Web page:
Ms. Steinaker entered the cockpit, noticed an iPad mounted to the windshield next to the captain’s seat and saw what appeared to be a live-streaming video of Captain Graham in the lavatory, according to the complaint.
When questioned, Ms. Steinaker said, Mr. Russell admitted the video was from a functioning live-stream camera installed in the lavatory. He told Ms. Steinaker that cameras were a top-secret security measure that had been installed in the lavatories in all the airline’s 737-800 planes, the lawsuit alleges.
Mr. Russell then instructed Ms. Steinaker not to tell anyone about the recording or the camera, which he said was hidden so no one could find it. Ms. Steinaker then used her phone to take a picture of the iPad, which showed Captain Graham in the lavatory at the time, according to the complaint.
When the captain came back to the cockpit, Mr. Russell left to use the lavatory. Finding herself alone with Captain Graham, Ms. Steinaker confronted him about the cameras, but he refused to respond and blocked her view of the iPad, the lawsuit alleges.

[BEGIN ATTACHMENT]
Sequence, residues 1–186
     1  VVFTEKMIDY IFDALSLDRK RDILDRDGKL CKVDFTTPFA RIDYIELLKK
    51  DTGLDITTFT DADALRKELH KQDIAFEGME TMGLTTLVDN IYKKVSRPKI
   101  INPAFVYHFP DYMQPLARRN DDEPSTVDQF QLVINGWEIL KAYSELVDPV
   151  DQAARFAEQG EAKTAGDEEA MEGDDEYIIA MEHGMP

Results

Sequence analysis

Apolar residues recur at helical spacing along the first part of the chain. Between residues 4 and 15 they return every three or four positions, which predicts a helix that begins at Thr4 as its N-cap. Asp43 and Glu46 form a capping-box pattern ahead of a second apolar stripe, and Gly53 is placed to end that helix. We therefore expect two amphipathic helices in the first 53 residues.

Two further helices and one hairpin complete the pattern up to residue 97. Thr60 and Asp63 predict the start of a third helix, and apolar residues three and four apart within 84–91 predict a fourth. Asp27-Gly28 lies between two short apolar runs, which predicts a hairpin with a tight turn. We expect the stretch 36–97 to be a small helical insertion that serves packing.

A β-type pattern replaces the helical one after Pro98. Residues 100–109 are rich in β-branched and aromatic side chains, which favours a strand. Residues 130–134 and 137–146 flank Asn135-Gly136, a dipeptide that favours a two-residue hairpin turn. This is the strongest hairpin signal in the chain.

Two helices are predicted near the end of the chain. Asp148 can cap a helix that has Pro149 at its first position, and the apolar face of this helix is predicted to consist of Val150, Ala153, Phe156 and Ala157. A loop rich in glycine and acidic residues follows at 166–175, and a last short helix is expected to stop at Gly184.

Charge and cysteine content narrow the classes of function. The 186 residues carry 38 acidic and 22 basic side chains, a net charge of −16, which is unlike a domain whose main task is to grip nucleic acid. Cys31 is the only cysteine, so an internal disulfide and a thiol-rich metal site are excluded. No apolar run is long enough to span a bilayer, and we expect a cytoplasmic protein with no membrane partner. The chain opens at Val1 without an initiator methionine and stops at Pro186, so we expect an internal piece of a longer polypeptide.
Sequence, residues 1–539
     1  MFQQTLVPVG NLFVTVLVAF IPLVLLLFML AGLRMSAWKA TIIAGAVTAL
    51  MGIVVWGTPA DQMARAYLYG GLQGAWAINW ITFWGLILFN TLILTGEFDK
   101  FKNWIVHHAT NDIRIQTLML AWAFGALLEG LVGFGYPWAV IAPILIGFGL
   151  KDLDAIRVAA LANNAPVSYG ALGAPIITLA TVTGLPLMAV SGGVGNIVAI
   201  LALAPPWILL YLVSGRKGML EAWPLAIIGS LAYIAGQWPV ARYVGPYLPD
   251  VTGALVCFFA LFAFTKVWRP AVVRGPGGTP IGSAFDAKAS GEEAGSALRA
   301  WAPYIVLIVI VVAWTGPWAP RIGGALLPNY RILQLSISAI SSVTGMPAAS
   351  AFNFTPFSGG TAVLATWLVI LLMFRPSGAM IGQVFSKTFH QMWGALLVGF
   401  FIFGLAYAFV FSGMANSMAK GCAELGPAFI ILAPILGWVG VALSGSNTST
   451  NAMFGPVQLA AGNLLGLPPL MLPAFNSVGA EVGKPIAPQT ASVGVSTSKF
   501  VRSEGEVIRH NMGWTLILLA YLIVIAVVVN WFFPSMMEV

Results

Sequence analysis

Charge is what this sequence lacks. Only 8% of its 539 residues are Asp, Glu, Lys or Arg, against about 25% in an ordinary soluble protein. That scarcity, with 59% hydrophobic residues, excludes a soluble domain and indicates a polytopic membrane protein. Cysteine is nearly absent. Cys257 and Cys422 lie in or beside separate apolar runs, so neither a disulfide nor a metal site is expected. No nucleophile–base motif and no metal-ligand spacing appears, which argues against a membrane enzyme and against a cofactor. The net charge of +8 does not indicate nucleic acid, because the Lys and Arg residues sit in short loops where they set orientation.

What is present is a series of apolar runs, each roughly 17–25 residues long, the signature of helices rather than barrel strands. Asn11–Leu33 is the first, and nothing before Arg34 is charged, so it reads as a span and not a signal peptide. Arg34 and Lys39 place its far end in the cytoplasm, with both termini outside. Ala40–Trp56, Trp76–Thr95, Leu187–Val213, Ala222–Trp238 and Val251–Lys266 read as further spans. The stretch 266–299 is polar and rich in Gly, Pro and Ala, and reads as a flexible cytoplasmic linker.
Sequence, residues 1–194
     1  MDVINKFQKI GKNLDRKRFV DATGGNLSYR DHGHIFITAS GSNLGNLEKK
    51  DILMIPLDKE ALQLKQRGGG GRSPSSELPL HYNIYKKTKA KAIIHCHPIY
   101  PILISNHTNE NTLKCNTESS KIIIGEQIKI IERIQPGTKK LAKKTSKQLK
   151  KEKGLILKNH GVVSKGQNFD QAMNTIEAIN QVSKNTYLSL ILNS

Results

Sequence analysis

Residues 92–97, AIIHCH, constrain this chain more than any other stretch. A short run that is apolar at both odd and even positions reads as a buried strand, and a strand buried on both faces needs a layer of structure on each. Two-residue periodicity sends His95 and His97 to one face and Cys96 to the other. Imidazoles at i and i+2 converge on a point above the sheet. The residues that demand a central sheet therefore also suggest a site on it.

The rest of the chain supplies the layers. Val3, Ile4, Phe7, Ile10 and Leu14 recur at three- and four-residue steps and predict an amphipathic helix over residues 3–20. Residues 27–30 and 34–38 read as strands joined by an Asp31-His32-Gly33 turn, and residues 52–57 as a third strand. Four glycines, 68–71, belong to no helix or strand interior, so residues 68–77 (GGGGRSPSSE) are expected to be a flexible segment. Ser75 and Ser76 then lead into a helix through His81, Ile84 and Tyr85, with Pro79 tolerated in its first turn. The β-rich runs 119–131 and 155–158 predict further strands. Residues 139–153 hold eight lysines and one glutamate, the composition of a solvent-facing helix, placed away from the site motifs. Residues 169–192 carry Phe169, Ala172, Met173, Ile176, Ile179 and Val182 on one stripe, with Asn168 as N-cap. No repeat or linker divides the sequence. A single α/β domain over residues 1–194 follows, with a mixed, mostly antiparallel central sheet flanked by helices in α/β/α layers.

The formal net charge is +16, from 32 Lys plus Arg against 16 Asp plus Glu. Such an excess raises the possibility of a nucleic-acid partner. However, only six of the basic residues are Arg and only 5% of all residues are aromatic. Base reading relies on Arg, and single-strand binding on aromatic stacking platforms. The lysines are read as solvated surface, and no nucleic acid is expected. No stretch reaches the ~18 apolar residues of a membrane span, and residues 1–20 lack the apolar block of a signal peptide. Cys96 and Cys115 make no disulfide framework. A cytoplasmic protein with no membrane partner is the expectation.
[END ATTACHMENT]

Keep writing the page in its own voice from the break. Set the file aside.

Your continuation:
Ms. Steinaker told the other flight attendants what had happened and showed them the picture she had taken of the iPad. When the plane landed in Phoenix, the two pilots immediately disembarked, in violation of airline protocol, according to the complaint.
In his quick departure, Captain Graham, a federal flight deck officer, left a loaded firearm unattended in the cockpit, the lawsuit alleges, in violation of Federal Aviation Administration regulations.
Upon landing, Ms. Steinaker and other crew members filed a written incident report to Southwest and requested that the airline seize the iPad and save the cockpit voice recording. It is unclear whether the airline complied, Mr. Goldman said.
By Mariel Padilla